The practice of somatic, nervous system based trauma healing is just that… a practice!
Education is crucial, and there are many helpful techniques and tools we can use, and it’s very important to have good support, and a safe environment in which to learn. All of this is important in order to start the healing, but what happens when we have to go out into the world, or into a workplace that doesn’t feel great?
That’s where the practice part really comes in!
Because once a person has learned how to work with their system in different ways, that good work can’t just stay in the home. It has to continue out in the big, wide world, and most importantly, it has to continue in situations that are extra stressful, for it is by applying our learning and our practice in real time in such situations that we avoid adding more trauma and stress to our system.
In fact, by keeping up our practice in such non-ideal situations we can expand our capacity and enable even deeper healing.
One of the cornerstones of this work is learning to follow our biological impulses so that we may discover our authenticity, which is something that so many of us learned to repress and hide away, so that we could keep the attachment with our caregivers.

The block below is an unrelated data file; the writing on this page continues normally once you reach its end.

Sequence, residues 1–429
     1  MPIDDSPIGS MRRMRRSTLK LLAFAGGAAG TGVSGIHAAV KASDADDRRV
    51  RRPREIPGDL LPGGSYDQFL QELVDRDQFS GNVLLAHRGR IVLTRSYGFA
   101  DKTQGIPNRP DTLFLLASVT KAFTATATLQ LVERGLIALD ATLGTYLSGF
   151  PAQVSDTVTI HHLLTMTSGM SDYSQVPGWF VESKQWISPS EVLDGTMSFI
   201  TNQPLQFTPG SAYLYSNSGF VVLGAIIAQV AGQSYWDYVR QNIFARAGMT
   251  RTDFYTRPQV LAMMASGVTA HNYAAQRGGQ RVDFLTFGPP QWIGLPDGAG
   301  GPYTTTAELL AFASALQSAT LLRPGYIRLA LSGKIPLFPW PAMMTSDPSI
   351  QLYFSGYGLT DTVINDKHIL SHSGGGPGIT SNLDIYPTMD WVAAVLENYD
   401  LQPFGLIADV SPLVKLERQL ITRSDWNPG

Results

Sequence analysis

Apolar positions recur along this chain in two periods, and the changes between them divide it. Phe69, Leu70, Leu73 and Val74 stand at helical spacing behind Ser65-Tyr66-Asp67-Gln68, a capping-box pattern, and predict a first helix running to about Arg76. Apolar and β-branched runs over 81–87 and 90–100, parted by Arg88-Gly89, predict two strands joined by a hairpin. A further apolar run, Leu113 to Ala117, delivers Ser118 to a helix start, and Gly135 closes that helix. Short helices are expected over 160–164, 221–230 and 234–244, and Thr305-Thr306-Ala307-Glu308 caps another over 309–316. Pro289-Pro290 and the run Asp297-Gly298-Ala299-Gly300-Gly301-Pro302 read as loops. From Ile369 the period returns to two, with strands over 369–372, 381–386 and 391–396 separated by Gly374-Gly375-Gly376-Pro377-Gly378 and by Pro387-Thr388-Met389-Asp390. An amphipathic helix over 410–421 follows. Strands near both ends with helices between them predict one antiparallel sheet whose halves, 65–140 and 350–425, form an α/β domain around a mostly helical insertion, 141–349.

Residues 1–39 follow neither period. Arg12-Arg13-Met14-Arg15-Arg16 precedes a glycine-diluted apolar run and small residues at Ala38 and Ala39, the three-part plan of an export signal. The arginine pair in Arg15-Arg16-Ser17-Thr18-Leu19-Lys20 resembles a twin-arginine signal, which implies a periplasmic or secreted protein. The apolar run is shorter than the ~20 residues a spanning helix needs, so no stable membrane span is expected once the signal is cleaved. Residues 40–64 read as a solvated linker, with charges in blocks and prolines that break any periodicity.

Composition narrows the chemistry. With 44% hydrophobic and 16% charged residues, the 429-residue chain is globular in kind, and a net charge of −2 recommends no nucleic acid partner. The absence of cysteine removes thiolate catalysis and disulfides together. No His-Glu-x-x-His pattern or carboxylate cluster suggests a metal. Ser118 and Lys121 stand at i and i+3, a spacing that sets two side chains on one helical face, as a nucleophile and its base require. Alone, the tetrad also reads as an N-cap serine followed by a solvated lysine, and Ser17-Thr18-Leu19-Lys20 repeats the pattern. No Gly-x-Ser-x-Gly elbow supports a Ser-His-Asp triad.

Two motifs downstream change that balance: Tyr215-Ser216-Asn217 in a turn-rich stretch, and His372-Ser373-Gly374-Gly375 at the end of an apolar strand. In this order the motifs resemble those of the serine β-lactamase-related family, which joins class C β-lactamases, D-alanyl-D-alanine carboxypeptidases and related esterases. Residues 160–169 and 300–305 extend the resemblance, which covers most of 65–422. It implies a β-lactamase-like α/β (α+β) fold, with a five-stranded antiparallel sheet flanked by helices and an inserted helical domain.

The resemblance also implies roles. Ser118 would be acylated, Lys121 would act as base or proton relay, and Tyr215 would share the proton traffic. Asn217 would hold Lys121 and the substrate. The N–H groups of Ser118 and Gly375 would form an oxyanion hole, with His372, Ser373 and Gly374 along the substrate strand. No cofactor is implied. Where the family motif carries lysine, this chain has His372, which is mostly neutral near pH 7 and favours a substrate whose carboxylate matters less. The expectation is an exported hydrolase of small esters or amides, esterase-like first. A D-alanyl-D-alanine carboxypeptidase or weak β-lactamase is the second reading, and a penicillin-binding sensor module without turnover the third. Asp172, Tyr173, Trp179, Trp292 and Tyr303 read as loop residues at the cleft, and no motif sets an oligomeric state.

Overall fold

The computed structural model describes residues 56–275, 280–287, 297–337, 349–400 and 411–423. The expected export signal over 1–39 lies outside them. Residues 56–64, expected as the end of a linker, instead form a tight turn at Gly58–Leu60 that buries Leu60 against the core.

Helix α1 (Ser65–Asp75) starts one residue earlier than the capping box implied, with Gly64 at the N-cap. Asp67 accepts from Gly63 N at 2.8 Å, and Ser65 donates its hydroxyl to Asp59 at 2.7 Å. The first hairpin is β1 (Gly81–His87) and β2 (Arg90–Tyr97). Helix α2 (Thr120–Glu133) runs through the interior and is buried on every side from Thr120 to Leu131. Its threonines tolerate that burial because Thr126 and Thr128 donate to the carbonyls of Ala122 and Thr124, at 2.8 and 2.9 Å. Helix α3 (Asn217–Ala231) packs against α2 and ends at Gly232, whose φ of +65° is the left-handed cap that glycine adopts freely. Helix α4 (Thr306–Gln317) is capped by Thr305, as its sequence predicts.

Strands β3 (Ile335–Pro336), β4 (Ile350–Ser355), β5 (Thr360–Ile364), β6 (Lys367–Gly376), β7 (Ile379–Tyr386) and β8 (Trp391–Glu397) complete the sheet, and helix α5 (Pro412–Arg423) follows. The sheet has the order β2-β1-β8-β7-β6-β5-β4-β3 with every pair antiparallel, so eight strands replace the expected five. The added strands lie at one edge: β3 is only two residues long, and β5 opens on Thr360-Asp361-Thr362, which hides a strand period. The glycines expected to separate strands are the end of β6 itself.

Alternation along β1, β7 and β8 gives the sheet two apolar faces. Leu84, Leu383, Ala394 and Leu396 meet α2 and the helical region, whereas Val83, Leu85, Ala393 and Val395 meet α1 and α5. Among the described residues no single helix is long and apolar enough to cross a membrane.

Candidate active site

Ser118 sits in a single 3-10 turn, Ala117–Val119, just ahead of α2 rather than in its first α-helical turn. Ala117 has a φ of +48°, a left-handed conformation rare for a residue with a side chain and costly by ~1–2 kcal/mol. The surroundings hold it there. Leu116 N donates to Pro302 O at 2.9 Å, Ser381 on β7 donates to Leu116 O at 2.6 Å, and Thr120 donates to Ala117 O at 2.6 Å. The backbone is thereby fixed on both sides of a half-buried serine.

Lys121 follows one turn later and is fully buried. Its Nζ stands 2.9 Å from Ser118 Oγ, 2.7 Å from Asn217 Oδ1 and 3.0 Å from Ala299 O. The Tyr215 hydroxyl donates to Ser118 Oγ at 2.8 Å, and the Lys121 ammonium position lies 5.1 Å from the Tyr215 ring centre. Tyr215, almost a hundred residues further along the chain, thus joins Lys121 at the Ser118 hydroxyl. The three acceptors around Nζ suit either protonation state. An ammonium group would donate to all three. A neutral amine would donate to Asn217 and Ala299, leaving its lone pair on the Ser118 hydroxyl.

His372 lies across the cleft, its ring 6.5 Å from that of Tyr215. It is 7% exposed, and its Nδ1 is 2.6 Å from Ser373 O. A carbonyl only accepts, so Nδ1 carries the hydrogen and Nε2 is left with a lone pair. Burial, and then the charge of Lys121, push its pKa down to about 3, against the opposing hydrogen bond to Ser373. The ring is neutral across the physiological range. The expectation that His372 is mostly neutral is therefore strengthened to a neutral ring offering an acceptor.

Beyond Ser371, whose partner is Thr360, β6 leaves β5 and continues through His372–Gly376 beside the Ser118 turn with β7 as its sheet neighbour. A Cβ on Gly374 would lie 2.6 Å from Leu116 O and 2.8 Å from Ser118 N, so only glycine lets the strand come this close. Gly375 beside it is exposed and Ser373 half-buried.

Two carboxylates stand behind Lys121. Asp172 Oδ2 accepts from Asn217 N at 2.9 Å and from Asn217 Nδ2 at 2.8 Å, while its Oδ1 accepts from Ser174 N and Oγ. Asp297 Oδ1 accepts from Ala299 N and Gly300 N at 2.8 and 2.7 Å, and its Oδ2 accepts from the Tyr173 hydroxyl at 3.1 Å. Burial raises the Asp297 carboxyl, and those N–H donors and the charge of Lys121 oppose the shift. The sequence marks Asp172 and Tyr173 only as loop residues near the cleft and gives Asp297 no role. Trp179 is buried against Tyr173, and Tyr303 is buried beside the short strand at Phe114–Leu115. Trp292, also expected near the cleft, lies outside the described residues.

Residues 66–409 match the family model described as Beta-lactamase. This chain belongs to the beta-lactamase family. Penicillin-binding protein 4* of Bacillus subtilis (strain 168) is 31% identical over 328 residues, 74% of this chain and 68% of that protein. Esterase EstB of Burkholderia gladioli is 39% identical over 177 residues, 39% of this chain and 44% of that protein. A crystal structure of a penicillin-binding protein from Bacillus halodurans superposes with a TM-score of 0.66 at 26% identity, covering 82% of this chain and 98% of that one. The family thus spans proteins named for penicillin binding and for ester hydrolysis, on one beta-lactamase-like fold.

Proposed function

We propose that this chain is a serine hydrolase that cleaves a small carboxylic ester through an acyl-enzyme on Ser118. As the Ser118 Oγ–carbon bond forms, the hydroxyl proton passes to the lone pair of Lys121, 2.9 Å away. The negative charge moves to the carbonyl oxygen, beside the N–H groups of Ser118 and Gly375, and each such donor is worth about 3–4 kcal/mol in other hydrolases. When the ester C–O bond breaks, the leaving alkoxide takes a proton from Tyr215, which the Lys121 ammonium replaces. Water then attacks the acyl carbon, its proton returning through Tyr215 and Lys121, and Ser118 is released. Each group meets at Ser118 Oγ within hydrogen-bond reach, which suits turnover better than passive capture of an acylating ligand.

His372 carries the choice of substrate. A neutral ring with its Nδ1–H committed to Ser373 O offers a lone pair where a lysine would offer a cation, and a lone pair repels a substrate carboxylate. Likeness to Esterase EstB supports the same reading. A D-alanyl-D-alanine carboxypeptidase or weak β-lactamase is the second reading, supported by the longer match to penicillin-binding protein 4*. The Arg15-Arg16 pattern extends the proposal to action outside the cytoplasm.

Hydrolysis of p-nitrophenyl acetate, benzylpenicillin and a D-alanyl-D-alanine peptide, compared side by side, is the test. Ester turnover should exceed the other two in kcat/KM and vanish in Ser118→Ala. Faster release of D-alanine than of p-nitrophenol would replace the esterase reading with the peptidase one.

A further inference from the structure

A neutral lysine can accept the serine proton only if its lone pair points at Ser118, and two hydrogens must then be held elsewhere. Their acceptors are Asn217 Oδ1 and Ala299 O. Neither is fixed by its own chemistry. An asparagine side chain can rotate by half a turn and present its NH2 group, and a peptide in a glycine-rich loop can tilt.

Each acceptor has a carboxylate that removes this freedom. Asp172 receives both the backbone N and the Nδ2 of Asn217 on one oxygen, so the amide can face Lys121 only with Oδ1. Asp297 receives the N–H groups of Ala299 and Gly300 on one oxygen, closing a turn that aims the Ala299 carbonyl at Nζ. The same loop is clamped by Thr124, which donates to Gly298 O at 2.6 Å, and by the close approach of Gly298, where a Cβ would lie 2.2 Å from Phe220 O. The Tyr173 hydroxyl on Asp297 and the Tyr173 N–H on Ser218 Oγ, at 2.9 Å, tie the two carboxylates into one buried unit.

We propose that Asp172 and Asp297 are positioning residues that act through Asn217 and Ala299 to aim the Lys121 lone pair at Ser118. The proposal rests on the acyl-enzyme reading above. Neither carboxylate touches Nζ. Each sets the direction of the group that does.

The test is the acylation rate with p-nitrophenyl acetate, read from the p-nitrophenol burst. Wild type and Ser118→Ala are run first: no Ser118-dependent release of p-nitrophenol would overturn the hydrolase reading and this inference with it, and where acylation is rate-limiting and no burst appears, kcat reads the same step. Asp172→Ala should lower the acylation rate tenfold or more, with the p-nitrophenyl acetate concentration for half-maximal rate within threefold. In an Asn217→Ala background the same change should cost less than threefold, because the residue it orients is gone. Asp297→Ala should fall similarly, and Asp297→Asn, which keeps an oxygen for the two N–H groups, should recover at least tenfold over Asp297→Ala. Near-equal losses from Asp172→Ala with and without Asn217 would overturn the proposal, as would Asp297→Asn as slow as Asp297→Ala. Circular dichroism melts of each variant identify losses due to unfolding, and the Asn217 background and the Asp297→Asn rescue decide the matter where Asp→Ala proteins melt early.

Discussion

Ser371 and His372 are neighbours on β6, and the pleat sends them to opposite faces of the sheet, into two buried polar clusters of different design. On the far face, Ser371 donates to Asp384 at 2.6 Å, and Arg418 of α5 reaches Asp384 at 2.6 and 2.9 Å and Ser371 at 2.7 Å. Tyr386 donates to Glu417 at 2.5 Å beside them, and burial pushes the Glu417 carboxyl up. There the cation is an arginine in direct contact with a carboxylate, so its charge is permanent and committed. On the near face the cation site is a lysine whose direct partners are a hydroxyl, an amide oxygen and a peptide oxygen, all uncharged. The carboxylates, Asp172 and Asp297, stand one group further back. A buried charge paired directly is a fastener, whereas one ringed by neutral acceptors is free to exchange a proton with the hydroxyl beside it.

Those very caregivers were usually the ones that were telling us, in ways both verbal and not, that our authenticity was too much, too stressful, for them to handle and so we learned to shape ourselves in such a way as to be less upsetting, less stress-causing.
In short, many of us became emotional caretakers of our parents at an early age.
This is one of key foundations of early/developmental trauma – the need for attachment will always trump the need for authenticity, but they are both biological imperatives, and so the system becomes repressed, which is sensed as a life threat, and we become traumatized.
For a more in-depth explanation on why this happens, definitely check out this terrific video by Gabor Maté on the subject. I really can’t recommend this 26 minute talk enough, it’s something that everyone needs to see, so if you haven’t watched it, please do!